My parents were just toddlers when the Great Depression burst into their lives. It forever altered their view of the world, and not always in a good way.
My mother, in particular, would tell me horror stories about some of the things that went on during those years. Until the day she died, she always carried some sort of food in her purse, usually peanuts or crackers. She never forgot what it was to be truly hungry.
Perhaps the worst story she told me was that my paternal grandmother, who was in her early 20s at the time, woke up one January morning in a barn to find that her husband had just left her and their toddler in the night. She had no food, no money, no family, no place to live, and a baby to feed. She walked along the highway and offered her baby to anyone who would take her. She assumed that someone with enough money for a car had money to feed a baby.
These type of stories can give you nightmares and make you wonder how people survived! My mother told me many other amazing stories, about how they “just did without” or “made do” with what they had, but some of her stories were practical enough that we could still benefit from them if we should ever find ourselves in the same desperate circumstances.
One of those was how women shared food-stretching recipes, such as macaroni and cheese or fish gravy. One recipe my mother remembered clearly was called “depression soup,” although she said her father called it “garbage soup,” a name that would make my grandmother angry.
My grandmother had a large pot with a lid that she kept in the ice box or outside in the snow. Cans (or jars) of fruit or vegetables were filled with a bit of water, and then scraped out and put in the pot. Everything, and I mean everything, went in that pot: bread crumbs, a tablespoon of rice, a shriveled-up carrot, a half-rotten potato (just cut off the bad part), fish heads and tails, bits of garlic, chicken skin, necks, livers, hearts, the hard skin of onions, broccoli ends, carrot and radish greens — you name it; unless it was rotten, it went into that pot.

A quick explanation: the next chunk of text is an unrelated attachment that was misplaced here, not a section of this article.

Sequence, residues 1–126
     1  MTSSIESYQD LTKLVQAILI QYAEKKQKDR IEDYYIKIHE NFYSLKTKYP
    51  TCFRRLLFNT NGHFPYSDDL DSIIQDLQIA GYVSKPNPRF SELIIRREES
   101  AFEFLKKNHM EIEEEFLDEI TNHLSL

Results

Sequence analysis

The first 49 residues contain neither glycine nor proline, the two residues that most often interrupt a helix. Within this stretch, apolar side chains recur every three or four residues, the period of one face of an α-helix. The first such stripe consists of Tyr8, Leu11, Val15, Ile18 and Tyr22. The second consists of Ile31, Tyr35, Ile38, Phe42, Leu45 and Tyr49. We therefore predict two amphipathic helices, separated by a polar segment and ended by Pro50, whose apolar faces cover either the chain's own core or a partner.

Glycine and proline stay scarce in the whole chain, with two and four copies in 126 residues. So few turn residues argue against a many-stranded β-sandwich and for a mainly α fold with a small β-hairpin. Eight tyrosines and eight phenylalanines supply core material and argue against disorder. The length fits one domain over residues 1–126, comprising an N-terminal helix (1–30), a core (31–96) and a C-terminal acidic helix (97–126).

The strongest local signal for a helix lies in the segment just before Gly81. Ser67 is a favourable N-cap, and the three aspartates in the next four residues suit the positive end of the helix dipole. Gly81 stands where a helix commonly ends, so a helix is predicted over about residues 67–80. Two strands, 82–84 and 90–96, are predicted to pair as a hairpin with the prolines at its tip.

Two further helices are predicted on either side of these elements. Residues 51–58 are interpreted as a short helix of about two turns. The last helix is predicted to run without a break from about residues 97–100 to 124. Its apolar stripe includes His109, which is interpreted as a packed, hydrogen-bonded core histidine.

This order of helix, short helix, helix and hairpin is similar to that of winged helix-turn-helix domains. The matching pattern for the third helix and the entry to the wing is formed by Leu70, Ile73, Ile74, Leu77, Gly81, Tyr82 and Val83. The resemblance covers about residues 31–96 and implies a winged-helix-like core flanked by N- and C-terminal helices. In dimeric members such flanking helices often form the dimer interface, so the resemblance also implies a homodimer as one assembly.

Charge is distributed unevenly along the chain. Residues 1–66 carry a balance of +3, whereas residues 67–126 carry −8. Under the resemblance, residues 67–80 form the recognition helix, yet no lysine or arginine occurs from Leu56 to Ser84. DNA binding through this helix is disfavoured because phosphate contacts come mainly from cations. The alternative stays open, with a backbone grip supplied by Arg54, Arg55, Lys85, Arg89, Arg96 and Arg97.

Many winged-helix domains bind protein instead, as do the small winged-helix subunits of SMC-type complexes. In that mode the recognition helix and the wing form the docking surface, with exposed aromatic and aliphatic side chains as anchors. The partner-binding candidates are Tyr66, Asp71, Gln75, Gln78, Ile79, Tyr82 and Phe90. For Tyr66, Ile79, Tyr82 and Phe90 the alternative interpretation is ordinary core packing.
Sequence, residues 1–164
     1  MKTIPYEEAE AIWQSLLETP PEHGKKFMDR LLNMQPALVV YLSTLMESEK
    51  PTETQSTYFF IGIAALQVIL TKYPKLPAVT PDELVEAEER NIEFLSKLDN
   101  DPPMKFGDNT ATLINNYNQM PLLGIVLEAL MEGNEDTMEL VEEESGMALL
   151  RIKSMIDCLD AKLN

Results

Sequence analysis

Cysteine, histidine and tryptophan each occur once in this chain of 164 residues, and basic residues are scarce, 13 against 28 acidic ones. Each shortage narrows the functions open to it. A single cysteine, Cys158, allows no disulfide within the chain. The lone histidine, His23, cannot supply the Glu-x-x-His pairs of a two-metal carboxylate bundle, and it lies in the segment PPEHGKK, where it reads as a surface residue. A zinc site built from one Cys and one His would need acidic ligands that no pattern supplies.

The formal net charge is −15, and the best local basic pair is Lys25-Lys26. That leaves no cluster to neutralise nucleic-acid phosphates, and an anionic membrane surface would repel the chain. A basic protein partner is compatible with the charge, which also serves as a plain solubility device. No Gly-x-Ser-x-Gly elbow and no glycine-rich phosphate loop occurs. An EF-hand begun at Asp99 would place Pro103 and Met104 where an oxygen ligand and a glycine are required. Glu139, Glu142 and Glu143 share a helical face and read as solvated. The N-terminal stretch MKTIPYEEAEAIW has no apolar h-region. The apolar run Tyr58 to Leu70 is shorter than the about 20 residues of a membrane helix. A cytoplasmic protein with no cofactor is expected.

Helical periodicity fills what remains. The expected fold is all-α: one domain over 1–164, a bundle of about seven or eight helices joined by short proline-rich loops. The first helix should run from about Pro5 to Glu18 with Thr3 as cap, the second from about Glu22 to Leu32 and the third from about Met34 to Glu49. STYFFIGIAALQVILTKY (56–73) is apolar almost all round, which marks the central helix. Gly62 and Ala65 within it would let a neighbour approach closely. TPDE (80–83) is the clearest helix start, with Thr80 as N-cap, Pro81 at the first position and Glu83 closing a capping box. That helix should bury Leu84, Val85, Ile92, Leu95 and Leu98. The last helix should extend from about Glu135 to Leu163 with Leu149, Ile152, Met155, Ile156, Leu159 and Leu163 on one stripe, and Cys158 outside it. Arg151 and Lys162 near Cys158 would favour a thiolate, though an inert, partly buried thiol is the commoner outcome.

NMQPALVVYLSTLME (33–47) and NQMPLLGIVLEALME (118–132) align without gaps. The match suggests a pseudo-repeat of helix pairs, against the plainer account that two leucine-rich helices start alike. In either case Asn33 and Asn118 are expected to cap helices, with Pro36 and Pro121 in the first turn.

Once it was about half full, my grandmother added water, perhaps a tablespoon or two of bacon grease, and cooked it for two hours or so. And that would be dinner. If you were fortunate, she baked bread.
My mother remembers that some soups were better than others. Once they began raising rabbits, the bones were used as a base. Soup made with bones and vegetables had to be tastier than soup made with carrot tops, radish tops and some bacon fat.
The point here is that while we would never dream of eating Depression Soup for lunch, remembering how people survived on scraps, literally, might come in handy for tomorrow’s world. We aren’t promised a land of fruit and honey in the future, so knowing how our ancestors survived during hard times might one day ensure our own survival.
Would you eat Great Depression Soup? Is there a better way to make it? Share your thoughts in the section below: